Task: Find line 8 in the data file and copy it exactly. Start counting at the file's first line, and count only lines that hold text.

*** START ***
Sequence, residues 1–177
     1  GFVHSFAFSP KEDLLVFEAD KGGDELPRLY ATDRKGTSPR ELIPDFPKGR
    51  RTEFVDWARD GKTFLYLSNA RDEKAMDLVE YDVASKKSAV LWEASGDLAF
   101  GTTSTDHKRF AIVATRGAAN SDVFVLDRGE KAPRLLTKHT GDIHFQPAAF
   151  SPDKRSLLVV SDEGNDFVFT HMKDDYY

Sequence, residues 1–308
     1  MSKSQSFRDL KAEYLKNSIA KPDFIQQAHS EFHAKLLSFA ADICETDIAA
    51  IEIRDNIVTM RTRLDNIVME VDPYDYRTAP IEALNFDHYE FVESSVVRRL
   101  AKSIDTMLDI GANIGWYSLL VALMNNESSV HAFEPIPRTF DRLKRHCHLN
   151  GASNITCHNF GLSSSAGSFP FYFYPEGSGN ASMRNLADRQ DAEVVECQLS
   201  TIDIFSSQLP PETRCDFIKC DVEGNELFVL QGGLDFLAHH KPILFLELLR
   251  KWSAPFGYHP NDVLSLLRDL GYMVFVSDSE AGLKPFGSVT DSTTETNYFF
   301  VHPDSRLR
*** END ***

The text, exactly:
    51  IEIRDNIVTM RTRLDNIVME VDPYDYRTAP IEALNFDHYE FVESSVVRRL